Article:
Mérida Interview: Luiz Paulo Guanabara, Brazil, Executive Director of Psico-Tropicus 2/21/03

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Luiz Paulo Guanabara is the founder and director of Psico-Tropicus, a Brazilian harm reduction and anti-prohibitionist organization. A practicing psychologist, Guanabara is a Brazilian pioneer in integrating the principles of harm reduction with psychotherapy for drug users. For Guanabara, unifying the two disciplines implies being non-judgmental with clients and working with drug users who are not ready to seek abstinence. His career as a harm reductionist began in 1996 in Rio de Janeiro, when he was invited to participate in the city's first needle exchange program. DRCNet spoke with Guanabara in Mérida the evening the conference ended.

Week Online: What is Psico-Tropicus and what does it seek to accomplish?

Luiz Paulo Guanabara: Psico-Tropicus is an independent agency that is anti-prohibitionist and interested in harm reduction. As a matter of policy, Brazilian harm reduction projects are funded by the federal government, mainly because of the AIDS epidemic. Psico-Tropicus has very few funds rights now, but we have a good chance this year of gaining funding from an American foundation. We are also looking for funds from some Brazilian nonprofit organizations. The group is still being formed and is composed already of academics and professionals in the health field, and we will probably have Federal Deputy Fernando Gabeira as our man in Congress.

Our main objective is to participate in the formulation of a new Brazilian drug policy. We want to take harm reduction and anti-prohibitionism into the meetings with government officials and civil society and to draw attention to the huge damage that drug prohibition causes to Brazilian society and the Brazilian people. Psico-Tropicus only came to life because we have a new government that we believe will be more open to new perspectives on drug policy. The violence associated with prohibition is unbearable, and we think the people are tired of all this violence. We will be like an independent agency that will strive to insinuate itself into the fabric of the new Brazilian drug policy that is now being planned.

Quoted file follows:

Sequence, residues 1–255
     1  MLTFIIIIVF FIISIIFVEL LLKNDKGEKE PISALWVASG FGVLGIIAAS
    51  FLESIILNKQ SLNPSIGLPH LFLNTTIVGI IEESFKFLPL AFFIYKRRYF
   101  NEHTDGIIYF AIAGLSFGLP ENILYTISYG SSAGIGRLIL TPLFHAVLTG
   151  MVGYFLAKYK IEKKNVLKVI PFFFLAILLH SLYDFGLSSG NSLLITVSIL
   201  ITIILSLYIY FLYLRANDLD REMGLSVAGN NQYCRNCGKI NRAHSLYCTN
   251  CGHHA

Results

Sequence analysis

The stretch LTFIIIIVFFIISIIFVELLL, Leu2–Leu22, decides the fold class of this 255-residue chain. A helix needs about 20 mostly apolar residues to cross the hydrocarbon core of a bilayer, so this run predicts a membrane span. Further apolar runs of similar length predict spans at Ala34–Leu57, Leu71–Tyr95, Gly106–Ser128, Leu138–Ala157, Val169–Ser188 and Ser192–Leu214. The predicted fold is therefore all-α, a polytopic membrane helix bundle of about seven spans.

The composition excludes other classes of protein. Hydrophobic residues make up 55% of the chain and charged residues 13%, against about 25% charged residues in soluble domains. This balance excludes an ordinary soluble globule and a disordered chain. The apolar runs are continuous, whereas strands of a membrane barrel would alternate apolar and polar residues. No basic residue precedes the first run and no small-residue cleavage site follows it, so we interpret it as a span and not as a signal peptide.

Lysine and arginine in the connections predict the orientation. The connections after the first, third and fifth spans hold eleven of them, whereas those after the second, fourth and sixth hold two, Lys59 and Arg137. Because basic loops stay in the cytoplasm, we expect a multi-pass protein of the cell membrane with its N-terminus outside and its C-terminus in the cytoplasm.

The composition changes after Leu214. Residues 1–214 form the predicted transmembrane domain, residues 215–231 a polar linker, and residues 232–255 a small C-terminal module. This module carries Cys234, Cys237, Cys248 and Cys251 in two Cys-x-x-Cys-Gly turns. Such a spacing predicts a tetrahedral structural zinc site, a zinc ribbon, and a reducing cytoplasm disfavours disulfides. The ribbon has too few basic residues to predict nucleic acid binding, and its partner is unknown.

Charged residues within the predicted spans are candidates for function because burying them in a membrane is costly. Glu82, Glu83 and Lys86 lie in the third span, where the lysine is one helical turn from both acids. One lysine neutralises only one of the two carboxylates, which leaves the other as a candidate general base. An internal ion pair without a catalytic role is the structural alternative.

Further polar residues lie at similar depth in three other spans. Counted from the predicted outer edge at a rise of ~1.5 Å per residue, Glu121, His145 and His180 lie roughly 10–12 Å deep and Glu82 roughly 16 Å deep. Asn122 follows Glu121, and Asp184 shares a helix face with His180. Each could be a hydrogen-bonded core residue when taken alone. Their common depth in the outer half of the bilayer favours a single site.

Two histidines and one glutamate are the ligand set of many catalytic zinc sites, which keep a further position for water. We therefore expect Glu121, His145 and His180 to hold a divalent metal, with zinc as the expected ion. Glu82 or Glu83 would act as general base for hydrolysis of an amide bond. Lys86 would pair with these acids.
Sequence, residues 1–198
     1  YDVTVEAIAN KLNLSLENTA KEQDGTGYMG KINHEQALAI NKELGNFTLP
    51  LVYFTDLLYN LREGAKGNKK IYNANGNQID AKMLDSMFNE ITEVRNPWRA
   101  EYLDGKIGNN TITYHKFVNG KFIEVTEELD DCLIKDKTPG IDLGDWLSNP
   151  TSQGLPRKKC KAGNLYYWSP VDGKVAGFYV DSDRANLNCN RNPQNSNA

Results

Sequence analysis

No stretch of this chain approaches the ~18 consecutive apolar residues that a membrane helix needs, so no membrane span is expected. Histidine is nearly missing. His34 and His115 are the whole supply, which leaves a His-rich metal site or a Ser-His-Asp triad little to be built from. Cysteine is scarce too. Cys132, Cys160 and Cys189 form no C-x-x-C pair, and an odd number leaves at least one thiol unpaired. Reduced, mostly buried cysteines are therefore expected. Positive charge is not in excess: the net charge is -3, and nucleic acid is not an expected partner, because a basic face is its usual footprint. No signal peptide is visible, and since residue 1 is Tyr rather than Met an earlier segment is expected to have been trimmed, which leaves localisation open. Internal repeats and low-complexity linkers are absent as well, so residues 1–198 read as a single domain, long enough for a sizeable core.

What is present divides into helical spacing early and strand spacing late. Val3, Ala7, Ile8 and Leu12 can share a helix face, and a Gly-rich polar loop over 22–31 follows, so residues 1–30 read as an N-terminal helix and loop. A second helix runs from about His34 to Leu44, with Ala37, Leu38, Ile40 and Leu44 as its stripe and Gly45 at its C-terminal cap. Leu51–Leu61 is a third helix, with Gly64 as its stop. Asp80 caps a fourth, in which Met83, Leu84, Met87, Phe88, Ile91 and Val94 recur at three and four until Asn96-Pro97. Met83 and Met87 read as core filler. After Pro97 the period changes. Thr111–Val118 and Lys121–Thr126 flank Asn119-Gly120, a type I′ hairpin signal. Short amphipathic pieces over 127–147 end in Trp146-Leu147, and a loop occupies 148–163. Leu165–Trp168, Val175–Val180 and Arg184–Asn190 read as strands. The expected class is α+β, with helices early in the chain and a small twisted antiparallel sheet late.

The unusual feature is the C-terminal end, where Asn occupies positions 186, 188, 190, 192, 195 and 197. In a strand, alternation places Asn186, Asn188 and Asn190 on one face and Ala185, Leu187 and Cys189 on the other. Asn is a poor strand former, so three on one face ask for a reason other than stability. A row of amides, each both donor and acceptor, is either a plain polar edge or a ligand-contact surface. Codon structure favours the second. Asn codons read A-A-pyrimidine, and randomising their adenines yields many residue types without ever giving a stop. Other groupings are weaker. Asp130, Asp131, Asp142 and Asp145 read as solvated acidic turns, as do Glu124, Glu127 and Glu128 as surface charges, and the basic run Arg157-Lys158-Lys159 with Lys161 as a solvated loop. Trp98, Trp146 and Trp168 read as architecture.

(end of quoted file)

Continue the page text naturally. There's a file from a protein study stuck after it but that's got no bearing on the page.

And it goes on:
Psico-Tropicus has five main objectives. First, we call for the total decriminalization of drug users. Second, we want to further develop harm reduction strategies. Third, we call for the immediate legalization of marijuana. Fourth, we want to be an organization to advocate for harm reduction and anti-prohibitionist policies with international groups interested in networking and maybe even opening chapters in Brazil. And last but not least, we call for the total decriminalization of all drugs and the normalization and regulation of drug production and sales.

WOL: What are the drugs of choice in Brazil?

Guanabara: Marijuana use is the norm in Brazil. It is widely used and should be normalized as quickly as possible. It's already part of our culture. I've never had anyone come to me and say he had a marijuana problem, and if they did, I would suspect there was something else underlying it. There are virtually no people seeking treatment for marijuana in Brazil, and the few who are in treatment for marijuana are usually young people sent by their parents or by the stupid drug courts they are trying to establish.

The main problematic drugs in Brazil are alcohol, tobacco and cocaine. You don't see much heroin in Brazil. With cocaine, it was once only used by high society, but nowadays, cocaine is used by all classes, from the richest to the poorest, and it is very cheap. And in Rio, it is only powder cocaine, not crack, because the drug dealers banned crack. They know their employees would go nuts; it would be bad for their business.

I have done research in the favelas (slums), and I found that cocaine use and sales are really wide open. People buy it and do it right on the street, then go drink beer in the favela bars. When it comes to injection drug users, cocaine is 100% of the problem here. We do needle exchange programs, and sometimes we have to give them 20 syringes a day because they are shooting up so frequently.

WOL: You mentioned the drug dealing in the favelas. Can you tell us about the drug gangs, the so-called "parallel power"?